Tell a Teacher or School about Esri's Free ArcGIS Online Organizational Accounts
Esri's ConnectED Contribution: One Year On, One Year Strong
More than 1,000 schools have acquired free ArcGIS Online accounts.
Just over a year ago, Esri answered President Barack Obama's call to join the ConnectED initiative, an effort to help all students in kindergarten through the twelfth grade in the United States become effective digital learners.
President Obama asked private businesses to contribute technology such as computers and tablets, Internet connectivity, software, learning resources, and training for educators. Esri president Jack Dangermond offered every K –12 school in the United States—public, private, or home school—a free ArcGIS Online organizational account and accompanying instructional materials. Amazon Web Services, which provides essential infrastructure in ArcGIS Online, generously stepped up to help.
Students can use the tools in ArcGIS Online to analyze data and make maps—instilling spatial-thinking skills that will help them with their school research projects and in their future careers. The specially configured ArcGIS Online organizational accounts offer what businesses, governments, and agencies around the world increasingly find valuable: a custom portal, galaxies of data, and a fleet of applications simple enough for grade school students to use yet robust enough for mission-critical or scientific work. Students and professionals use ArcGIS Online to build, host, and share content in a safe and secure environment.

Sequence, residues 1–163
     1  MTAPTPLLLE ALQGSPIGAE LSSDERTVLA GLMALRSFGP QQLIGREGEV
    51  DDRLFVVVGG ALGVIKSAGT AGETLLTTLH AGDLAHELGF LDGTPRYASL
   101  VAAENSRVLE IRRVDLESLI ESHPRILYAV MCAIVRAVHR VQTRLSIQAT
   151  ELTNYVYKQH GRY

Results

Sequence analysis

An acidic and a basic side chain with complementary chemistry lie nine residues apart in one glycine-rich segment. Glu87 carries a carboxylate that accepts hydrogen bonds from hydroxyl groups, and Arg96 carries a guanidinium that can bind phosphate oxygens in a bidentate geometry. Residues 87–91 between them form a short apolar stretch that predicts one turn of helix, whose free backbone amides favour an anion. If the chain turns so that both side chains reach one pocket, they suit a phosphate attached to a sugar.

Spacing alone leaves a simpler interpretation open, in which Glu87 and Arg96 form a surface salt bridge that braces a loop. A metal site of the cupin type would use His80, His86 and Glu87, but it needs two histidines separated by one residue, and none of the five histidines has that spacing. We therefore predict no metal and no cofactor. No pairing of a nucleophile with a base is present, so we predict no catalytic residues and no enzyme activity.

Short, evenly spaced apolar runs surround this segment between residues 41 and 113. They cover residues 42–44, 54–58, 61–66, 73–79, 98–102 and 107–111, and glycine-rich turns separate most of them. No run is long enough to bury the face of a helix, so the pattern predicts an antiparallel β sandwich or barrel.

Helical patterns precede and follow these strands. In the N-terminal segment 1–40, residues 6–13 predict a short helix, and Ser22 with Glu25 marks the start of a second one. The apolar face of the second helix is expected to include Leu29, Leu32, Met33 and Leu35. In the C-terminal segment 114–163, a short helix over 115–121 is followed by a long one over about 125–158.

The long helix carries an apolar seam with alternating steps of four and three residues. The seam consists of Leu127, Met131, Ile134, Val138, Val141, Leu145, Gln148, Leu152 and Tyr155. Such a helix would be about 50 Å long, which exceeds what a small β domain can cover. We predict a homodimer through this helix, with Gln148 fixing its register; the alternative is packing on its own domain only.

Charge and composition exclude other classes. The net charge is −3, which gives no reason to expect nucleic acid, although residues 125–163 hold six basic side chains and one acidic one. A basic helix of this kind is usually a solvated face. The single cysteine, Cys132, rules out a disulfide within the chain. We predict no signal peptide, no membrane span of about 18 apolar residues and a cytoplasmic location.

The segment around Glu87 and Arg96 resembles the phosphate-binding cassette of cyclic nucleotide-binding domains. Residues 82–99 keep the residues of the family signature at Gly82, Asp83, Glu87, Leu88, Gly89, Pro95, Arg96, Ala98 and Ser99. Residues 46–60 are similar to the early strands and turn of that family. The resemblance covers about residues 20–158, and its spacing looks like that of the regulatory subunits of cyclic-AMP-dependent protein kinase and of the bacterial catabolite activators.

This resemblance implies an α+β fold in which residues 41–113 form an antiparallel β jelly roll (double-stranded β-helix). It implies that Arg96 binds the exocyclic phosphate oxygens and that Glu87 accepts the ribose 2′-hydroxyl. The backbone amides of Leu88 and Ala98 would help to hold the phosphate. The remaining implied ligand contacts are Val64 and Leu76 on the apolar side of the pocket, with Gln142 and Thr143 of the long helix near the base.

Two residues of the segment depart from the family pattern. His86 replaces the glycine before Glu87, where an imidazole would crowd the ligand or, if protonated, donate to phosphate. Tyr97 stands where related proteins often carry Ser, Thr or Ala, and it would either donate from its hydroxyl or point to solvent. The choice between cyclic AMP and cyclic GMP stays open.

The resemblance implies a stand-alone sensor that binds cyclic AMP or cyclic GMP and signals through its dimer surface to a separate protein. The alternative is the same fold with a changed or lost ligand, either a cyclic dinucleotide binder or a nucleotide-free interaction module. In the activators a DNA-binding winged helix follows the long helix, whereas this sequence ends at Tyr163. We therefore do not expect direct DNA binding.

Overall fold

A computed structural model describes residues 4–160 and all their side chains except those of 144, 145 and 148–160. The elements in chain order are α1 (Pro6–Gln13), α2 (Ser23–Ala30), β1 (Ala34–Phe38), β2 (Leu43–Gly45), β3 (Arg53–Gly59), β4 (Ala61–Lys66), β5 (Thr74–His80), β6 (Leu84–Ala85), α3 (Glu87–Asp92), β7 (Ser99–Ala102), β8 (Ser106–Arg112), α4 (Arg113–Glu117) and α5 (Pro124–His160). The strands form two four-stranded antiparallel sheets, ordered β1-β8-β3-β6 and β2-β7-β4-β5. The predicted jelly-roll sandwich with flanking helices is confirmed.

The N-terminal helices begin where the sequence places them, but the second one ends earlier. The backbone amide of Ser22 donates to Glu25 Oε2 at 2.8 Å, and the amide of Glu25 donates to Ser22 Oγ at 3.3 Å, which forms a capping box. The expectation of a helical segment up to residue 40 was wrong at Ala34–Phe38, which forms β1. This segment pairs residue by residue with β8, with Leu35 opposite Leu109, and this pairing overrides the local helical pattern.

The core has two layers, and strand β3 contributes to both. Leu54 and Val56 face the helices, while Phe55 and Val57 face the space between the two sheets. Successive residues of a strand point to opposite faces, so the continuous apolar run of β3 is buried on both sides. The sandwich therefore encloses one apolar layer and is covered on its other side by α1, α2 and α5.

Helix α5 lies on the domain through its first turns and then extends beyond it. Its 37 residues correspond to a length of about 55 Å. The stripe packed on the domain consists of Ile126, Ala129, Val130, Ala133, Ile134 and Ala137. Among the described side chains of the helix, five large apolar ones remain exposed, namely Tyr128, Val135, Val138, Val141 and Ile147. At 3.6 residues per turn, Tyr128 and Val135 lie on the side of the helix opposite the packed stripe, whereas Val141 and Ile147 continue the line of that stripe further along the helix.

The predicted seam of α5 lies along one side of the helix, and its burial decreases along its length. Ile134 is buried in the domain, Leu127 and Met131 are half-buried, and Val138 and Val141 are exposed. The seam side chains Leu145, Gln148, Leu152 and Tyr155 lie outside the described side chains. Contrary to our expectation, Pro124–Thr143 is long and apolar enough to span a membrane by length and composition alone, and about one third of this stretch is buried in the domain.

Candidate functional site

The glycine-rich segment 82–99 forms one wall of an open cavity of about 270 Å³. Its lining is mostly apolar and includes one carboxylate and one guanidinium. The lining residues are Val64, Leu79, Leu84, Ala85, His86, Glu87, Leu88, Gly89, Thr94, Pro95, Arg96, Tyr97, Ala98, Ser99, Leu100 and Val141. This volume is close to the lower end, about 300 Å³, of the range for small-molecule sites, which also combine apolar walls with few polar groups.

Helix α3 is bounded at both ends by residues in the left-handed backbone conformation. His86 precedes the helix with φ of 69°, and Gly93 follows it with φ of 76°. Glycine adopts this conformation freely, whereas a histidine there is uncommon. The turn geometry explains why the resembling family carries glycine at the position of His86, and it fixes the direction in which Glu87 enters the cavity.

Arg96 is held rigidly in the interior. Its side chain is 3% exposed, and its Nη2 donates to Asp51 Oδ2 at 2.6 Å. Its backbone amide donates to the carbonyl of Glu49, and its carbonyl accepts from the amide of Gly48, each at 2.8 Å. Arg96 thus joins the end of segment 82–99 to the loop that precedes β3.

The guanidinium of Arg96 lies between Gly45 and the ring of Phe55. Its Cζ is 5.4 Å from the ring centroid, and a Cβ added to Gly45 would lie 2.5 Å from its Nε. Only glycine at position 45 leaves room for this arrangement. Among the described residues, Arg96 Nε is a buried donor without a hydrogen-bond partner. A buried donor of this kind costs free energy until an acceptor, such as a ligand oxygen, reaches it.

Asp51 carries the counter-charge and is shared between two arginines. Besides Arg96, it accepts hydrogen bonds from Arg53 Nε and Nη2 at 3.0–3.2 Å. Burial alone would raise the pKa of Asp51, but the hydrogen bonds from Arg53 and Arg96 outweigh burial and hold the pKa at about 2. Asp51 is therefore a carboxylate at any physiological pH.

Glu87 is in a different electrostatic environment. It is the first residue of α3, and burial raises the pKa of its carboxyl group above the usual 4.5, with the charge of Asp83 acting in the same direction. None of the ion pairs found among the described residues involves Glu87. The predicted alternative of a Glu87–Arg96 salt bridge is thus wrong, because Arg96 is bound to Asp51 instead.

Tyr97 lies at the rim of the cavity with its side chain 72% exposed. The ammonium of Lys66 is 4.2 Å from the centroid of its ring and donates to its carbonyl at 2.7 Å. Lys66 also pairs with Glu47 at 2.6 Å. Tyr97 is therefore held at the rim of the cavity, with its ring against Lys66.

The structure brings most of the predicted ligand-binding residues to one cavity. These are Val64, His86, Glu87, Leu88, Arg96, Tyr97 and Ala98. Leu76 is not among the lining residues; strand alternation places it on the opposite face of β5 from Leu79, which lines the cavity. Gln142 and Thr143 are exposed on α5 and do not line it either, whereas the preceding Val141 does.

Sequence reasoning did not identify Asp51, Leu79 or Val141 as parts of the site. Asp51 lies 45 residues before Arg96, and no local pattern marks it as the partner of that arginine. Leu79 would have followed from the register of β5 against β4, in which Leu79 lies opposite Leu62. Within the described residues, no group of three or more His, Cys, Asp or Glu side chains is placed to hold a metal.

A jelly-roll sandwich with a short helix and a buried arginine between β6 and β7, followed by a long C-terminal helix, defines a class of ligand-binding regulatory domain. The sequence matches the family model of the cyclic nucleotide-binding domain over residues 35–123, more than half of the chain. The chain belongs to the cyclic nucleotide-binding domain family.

Students discover patterns and relationships in data.
More than 1,000 schools in the United States have acquired free accounts, including Crookston High School in Crookston, Minnesota; Winfield Middle School in Winfield, West Virginia; Dunsmuir Elementary School in Dunsmuir, California; Alianza Academy in Salt Lake City, Utah; and all 80 Loudoun County Public Schools sites in Loudon County, Virginia. (View the Esri Story Map to see if a school near you is participating.)
Children are using ArcGIS Online to track butterflies and whales, map great literature and local history, determine earthquake hot spots, monitor signs of climate change, and much more. They also can use ArcGIS Online to share results of their work. The technology helps students explore the multiple factors that influence complex issues, and then make decisions and solve problems—just like adults do.
In the digital world, this is what students need most: experience in solving ill-defined problems, managing large inputs of data, asking questions about that data to uncover patterns, synthesizing information, and communicating the meaning of what was discovered.
An 11th grade student in Los Angeles uses Esri technology to study demographics.
ArcGIS Online will help them do that and more.
Educators long to breathe life into material in the form of projects, which are like "educational Velcro," holding students' focus and bringing together scattered collections of numbers, concepts, and places. Education is not delivery but engagement, and projects let students make an investment in learning, follow their ideas, innovate, create, and share.
Web-based mapping via ArcGIS Online means that students can work on their projects using any connected device, anytime, anywhere. They can create, work with, and share maps from a tablet computer at home, a classmate's smartphone, or a Mac-, Windows-, or Chrome-based computer at school.
Fourth graders in Springdale, Arkansas, classify and symbolize their data.
With this rapidly evolving technology, educators need GeoMentors to show them what's possible, get the ball rolling, and help explain how they can take advantage of ArcGIS Online organizational accounts. Resources include easy-to-use introductions that will help students get started on their learning quests using mapping technology.
Please help educators engage their students in activities that build curiosity, critical thinking, and other skills that will last a lifetime. Spread the word about the free ArcGIS Online organizational accounts. Visit esri.com/ConnectED for more information.